The main highlight of this season's Ancient Marbles sale in London is an exceptionally well-preserved and powerful portrait bust of a Roman army officer of the mid to late 2nd Century A.D. Acquired in 1965 by the Denver Museum of Art, it is now being sold by the Museum to benefit its acquisition fund.
The second most significant highlight is a group of four Roman draped female statues. From 1968 until 2016, they adorned the swimming-pool of a palatial villa in Jamaica. They will be sold individually.
Among the other main objects in the sale are a herm of Socrates bought by William Randolph Hearst in 1928, a seated statuette of Apollo extensively restored by a northern Italian sculptor of the early 16th Century and later in the Villa Montalto in Rome, a fragment of a massive sarcophagus depicting the mythological battle between the Greeks and the Amazons (in the Cranbrook Academy of Arts in Michigan from 1938 until 1972), and a Greek grave stele acquired by Mina Merrill Prindle in New York in 1927.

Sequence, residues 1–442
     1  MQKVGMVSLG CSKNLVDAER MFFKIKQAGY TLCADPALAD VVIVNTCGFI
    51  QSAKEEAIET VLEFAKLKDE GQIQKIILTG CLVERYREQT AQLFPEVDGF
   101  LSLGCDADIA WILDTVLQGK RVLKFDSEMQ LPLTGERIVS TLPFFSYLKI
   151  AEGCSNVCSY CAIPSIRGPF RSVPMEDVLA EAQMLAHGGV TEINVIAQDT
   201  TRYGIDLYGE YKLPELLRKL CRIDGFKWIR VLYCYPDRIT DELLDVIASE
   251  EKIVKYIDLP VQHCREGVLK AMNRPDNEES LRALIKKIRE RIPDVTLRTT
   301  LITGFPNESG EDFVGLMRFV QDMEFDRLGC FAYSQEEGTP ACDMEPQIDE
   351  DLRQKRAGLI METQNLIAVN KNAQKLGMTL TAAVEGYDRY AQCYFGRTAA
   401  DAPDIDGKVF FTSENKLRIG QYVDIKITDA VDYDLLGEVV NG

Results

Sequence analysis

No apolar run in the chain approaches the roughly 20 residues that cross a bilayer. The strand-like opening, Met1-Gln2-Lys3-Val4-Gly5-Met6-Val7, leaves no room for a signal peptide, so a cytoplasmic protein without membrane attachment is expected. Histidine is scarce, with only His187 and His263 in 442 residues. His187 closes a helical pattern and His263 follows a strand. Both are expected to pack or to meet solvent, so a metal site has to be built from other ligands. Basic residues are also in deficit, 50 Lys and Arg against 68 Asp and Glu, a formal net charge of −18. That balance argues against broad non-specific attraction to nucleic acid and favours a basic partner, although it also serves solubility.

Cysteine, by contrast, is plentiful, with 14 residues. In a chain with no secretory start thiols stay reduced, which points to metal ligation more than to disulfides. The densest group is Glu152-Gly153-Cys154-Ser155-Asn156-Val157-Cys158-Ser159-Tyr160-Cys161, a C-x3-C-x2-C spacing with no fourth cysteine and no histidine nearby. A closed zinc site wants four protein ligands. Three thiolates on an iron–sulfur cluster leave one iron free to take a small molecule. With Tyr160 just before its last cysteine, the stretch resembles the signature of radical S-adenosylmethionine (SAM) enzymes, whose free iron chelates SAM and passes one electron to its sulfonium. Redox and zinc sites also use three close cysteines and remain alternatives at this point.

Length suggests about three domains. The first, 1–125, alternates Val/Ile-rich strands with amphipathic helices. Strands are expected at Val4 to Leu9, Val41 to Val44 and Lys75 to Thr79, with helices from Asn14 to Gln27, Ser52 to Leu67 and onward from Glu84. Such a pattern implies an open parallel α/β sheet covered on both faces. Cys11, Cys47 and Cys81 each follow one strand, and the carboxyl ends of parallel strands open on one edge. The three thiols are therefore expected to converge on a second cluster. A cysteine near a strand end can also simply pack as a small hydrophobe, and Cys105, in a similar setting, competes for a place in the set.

Also worthy of note is a Roman altar, which, in Cornelius Vermeule’s words, “possesses one of the most distinguished epigraphic pedigrees of any Roman marble”. Its collection history goes back at least 567 years.
Five sculptures in the sale have passed through the hands of New York dealer Joseph Brummer (1883-1947).